HIGH-RESOLUTION RADAR DATA ASSIMILATION FOR HURRICANE ISABEL (2003) AT LANDFALL

HIGH-RESOLUTION RADAR DATA ASSIMILATION FOR HURRICANE ISABEL (2003) AT LANDFALL Major damage caused by hurricanes occurs over land during and after landfall. Accurate predictions of winds and precipitation in and around hurricanes at or near landfall are therefore of vital importance for hurricane preparation and damage mitigation, yet they continue to present a challenge for the hurricane research and numerical weather prediction (NWP) communities. This is, in part, due to rapid changes in hurricane intensity and structure during landfall associated with multiscale dynamical and physical interactions in the hurricane core regions and outer spiral rainbands, and also associated with sudden changes of surface conditions.In this study, we demonstrate the capability of improving predictions of hurricane intensity and structures near landfall by assimilating high-resolution, three-dimensional observations from land-based radars in the landfall regions into a mesoscale NWP model. The landfall of Hurricane Isabel on the east coast of the United States in 2003 is the focus of this study. Observations of Doppler radial velocity and reflectivity from five Doppler radars in the landfall region were collected and assimilated into the Navy's Coupled Ocean-Atmosphere Mesoscale Prediction System in a variational data assimilation framework. Four cycles of hourly radar reflectivity data assimilation effectively correct the overprediction of hydrometeor fields by the model, and move the maximum reflectivity regions to the observed locations. Better hurricane structures, including increased maximum wind speed, a tighter inner core, and better organized outer rainbands, are obtained by the radar radial velocity assimilation. Much-improved forecasts of 24-h accumulated precipitation during and after hurricane landfall have also been achieved by the radar data assimilation. The positive results from this study indicate the potential for improving hurricane intensity and structure forecasts by assimilating radar observations into NWP models. http://www.deepdyve.com/assets/images/DeepDyve-Logo-lg.png Bulletin of the American Meteorological Society American Meteorological Society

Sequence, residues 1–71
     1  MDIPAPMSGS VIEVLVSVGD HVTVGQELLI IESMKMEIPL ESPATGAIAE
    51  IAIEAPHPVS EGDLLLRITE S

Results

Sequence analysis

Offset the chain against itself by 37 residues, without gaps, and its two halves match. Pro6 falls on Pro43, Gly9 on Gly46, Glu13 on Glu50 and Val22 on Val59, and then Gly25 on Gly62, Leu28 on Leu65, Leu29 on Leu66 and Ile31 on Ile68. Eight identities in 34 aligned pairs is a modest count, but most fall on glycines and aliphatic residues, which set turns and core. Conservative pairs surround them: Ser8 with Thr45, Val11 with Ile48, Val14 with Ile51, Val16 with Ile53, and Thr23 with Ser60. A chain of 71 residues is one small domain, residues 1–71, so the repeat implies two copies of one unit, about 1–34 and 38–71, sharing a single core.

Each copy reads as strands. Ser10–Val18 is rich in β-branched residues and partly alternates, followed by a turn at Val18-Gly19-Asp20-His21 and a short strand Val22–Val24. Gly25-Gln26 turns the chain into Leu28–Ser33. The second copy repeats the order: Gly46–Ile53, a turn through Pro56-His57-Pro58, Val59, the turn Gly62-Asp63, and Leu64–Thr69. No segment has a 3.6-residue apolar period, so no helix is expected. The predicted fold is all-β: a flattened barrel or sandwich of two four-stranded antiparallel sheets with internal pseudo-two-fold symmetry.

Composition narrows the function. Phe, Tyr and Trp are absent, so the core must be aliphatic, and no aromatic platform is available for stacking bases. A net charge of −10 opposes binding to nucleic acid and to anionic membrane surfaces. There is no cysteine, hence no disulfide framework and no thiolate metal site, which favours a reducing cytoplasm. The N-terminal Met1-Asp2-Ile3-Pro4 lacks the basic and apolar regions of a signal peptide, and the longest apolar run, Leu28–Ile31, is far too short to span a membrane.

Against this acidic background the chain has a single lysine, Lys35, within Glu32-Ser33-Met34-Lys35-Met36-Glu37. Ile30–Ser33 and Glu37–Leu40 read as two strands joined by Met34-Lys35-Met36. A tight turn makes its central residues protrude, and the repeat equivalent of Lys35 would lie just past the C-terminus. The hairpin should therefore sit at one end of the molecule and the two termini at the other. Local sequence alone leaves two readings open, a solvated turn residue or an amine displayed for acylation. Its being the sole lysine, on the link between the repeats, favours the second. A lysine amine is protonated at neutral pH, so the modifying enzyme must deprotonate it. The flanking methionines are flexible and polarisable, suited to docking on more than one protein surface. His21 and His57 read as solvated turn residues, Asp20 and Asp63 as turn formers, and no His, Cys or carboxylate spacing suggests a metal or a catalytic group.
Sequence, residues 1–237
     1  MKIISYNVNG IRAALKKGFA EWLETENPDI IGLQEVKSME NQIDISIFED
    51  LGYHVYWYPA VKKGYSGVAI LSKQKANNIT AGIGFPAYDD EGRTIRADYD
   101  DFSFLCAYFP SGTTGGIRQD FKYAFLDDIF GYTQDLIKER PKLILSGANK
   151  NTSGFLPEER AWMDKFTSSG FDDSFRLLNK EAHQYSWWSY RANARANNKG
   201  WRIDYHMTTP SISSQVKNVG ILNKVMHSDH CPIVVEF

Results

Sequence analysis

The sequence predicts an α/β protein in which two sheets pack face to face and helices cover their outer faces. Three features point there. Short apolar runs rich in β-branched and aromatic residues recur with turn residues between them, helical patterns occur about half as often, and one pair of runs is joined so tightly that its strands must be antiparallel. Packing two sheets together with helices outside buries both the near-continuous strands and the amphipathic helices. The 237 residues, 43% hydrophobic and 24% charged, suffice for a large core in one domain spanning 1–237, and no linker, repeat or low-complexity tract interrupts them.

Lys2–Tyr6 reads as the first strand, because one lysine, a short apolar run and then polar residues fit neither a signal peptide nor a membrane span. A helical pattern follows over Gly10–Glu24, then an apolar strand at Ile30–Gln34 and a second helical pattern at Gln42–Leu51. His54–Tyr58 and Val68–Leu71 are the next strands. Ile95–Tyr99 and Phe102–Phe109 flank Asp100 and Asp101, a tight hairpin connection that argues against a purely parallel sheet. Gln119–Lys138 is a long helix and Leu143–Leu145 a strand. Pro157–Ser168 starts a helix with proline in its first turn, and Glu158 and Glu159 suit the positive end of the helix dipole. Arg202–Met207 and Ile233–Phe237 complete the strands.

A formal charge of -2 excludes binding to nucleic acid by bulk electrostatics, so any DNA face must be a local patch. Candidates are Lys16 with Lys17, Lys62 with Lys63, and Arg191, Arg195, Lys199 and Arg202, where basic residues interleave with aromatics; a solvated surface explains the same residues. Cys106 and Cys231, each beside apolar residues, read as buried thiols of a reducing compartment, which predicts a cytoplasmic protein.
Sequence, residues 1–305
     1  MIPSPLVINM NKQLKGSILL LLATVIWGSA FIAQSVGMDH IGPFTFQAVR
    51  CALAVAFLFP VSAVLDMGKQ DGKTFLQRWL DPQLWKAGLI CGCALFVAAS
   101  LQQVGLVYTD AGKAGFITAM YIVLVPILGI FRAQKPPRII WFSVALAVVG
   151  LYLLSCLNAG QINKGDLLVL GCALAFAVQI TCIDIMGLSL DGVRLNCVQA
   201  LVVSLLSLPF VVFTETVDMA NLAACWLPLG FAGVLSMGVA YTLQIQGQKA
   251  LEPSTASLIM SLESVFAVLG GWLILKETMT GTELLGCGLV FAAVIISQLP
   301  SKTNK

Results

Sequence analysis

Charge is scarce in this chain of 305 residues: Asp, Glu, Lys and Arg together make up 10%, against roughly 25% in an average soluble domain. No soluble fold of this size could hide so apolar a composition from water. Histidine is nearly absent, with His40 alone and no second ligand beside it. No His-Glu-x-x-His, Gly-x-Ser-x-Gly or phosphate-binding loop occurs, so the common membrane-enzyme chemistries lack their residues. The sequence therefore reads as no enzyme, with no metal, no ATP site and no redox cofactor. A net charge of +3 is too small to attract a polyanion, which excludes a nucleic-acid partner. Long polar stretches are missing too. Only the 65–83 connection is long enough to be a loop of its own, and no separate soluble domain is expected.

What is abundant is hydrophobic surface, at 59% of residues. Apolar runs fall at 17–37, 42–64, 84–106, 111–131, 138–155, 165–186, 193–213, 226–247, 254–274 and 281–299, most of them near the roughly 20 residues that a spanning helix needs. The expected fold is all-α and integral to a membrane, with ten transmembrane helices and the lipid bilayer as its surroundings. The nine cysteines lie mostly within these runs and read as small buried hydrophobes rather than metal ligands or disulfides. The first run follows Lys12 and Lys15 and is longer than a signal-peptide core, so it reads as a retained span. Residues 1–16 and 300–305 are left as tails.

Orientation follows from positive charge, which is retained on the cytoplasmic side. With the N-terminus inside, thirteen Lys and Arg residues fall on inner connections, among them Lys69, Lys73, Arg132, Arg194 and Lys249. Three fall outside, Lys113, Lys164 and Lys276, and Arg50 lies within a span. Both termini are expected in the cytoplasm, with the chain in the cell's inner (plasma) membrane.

HIGH-RESOLUTION RADAR DATA ASSIMILATION FOR HURRICANE ISABEL (2003) AT LANDFALL

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Publisher
American Meteorological Society
Copyright
Copyright © American Meteorological Society
ISSN
1520-0477
D.O.I.
10.1175/2008BAMS2562.1
Publisher site
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Abstract

Major damage caused by hurricanes occurs over land during and after landfall. Accurate predictions of winds and precipitation in and around hurricanes at or near landfall are therefore of vital importance for hurricane preparation and damage mitigation, yet they continue to present a challenge for the hurricane research and numerical weather prediction (NWP) communities. This is, in part, due to rapid changes in hurricane intensity and structure during landfall associated with multiscale dynamical and physical interactions in the hurricane core regions and outer spiral rainbands, and also associated with sudden changes of surface conditions.In this study, we demonstrate the capability of improving predictions of hurricane intensity and structures near landfall by assimilating high-resolution, three-dimensional observations from land-based radars in the landfall regions into a mesoscale NWP model. The landfall of Hurricane Isabel on the east coast of the United States in 2003 is the focus of this study. Observations of Doppler radial velocity and reflectivity from five Doppler radars in the landfall region were collected and assimilated into the Navy's Coupled Ocean-Atmosphere Mesoscale Prediction System in a variational data assimilation framework. Four cycles of hourly radar reflectivity data assimilation effectively correct the overprediction of hydrometeor fields by the model, and move the maximum reflectivity regions to the observed locations. Better hurricane structures, including increased maximum wind speed, a tighter inner core, and better organized outer rainbands, are obtained by the radar radial velocity assimilation. Much-improved forecasts of 24-h accumulated precipitation during and after hurricane landfall have also been achieved by the radar data assimilation. The positive results from this study indicate the potential for improving hurricane intensity and structure forecasts by assimilating radar observations into NWP models.

Journal

Bulletin of the American Meteorological SocietyAmerican Meteorological Society

Published: Sep 28, 2008

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